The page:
The most useful of all is ATP, equivalent to your cell’s energy storage. Some processes generate ATP, while others use it up. ATP is needed to perform osmoregulation which keeps your cell alive. If you run out of atp, this process will stop and water will rush inside your cell making it loose health and eventually die.

As an example of metabolic processes, take aerobic respiration. Providing your cell has metabolosomes or mitochondria (unlockable by evolving a nucleus), collecting glucose will produce ATP as long as there is enough Oxygen in the environment. Excess levels of any useful compound can be stored in the cytoplasm or in vacuoles for later use, although at this point there is no ability to manually control usage.

Throughout the environment, other species are also performing the same actions as you, generating their own energy through the same processes. Some may have the ability to make toxins or agents – at the moment only a single toxin can be produced. It reduces your hitpoints if you come into contact with it. Toxin organelles can be purchased in the editor, and they produce toxins with Oxygen and ATP. Some cells may also engulf orthers – if your cell comes in contact with a flashing blue cell and looses speed and health, you’re being engulfed . Your own cell can toggle engulf mode by pressing G, but only smaller microbes that it can be digested. Be careful when engulfing anything with toxins.

By absorbing amonia and phosphates your cell will duplicate its organelles untill it’s ready to divide and reproduce. Once it does, the editor button (bottom right) will be highlighted. There are two bars on the button that show your reproduction progress as well as how much amonia and phosphates you need.

Before entering the editor you can go through the patch report and patch map to see how your environment has changed and to choose a new patch to send your species in. You can only move the patches adyacent to the ones you inhabit. In the editor, you can select organelles from the side menu and add them to your displayed cell to create a contiguous shape. Each edit (addition or removal) costs Mutation Points, but the undo and redo buttons allow reverting without cost within this generation if you make a mistake. You can also press a symmetry button between the previous two that allows you to place organelles in symmetrical patterns. When your MP counter hits 0, you cannot make anymore edits.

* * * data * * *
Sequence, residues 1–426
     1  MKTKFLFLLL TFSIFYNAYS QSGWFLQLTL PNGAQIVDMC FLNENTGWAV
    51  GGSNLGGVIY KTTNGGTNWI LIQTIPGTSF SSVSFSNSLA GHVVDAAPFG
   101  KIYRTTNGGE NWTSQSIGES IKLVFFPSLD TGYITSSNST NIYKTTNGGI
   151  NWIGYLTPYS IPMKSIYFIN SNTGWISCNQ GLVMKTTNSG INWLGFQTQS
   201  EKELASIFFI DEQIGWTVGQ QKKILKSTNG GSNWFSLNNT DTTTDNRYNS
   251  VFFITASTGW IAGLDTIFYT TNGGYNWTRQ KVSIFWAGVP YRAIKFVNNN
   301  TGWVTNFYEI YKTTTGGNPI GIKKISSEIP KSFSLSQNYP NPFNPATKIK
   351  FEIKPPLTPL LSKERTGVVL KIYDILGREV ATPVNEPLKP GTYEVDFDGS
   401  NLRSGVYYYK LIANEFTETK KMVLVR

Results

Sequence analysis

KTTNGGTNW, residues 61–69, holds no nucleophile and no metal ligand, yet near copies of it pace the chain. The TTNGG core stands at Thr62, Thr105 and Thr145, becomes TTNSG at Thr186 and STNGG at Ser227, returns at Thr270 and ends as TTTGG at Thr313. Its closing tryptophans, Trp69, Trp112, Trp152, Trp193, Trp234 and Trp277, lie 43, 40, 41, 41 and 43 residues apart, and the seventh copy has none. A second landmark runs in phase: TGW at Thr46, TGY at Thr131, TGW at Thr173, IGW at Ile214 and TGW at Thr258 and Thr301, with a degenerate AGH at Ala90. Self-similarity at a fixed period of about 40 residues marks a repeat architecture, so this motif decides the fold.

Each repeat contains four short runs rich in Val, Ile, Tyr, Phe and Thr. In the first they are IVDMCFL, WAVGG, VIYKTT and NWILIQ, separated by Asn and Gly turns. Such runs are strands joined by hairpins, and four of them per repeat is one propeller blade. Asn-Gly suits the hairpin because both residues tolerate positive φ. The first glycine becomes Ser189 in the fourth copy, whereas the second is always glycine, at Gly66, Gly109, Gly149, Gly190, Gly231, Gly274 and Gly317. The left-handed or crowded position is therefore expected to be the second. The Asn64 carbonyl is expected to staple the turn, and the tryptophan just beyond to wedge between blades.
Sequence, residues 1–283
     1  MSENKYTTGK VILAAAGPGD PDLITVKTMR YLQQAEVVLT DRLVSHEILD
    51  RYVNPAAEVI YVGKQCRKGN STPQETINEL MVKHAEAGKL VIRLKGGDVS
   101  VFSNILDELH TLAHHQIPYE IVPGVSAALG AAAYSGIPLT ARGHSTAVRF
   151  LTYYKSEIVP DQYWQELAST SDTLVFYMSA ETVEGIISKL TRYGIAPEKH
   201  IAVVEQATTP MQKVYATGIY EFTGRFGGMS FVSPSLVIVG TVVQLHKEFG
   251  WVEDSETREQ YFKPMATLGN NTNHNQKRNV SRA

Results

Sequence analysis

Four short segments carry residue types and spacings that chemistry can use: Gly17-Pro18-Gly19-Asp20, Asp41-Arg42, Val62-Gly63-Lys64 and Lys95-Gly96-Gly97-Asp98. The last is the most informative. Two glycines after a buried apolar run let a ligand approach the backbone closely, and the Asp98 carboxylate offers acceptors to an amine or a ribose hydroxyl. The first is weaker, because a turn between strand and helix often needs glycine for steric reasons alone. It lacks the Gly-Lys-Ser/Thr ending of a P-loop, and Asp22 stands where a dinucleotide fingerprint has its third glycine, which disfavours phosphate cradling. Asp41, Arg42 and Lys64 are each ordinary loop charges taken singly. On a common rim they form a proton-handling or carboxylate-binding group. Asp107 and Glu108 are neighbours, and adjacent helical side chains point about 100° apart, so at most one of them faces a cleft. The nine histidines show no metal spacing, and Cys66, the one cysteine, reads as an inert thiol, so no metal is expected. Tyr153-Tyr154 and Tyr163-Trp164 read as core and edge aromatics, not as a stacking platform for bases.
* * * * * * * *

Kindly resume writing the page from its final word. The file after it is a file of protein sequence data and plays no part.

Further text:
Future Goals

Our current short-term goal is to refine and eventually complete our current unicellular game stage. In this part of the game, the player controls a single cell in a fluid environment with the goal of surviving in their often dangerous ecosystem long enough to reproduce and therefore ensure the survival of their species. The main game mechanics focus on the chemical warfare between cells and the coevolution of both antagonistic and symbiotic relationships between and within these species as well as the colonization and exploration of new environments.

Right now we’ve improved the patch system introduced with 0.4.2 and also included new features, like an appeareance tab, a new GUI and the Pilus, an organelle for stabbing other cells. We’re looking to include more gameplay features soon and develop the ones already implemented further.

These include: making a planet and start system generator that will in turn make procedural patch maps, improve the auto-evo system and the way species split (so the background simulation becomes more realistic), adding more content in general (like new compounds organelles and agents), create new mechanics to make gameplay more engaging and improve combat, increase the game’s popularity and recognition throughout the internet, and polish all other aspects of the microbe stage. By then, we hope to have a sufficiently large and well-known team to continue onwards to the multicellular stage, which as of now doesn’t have much of a definitive concept.


For further reading you can check the Full Microbe Stage GDD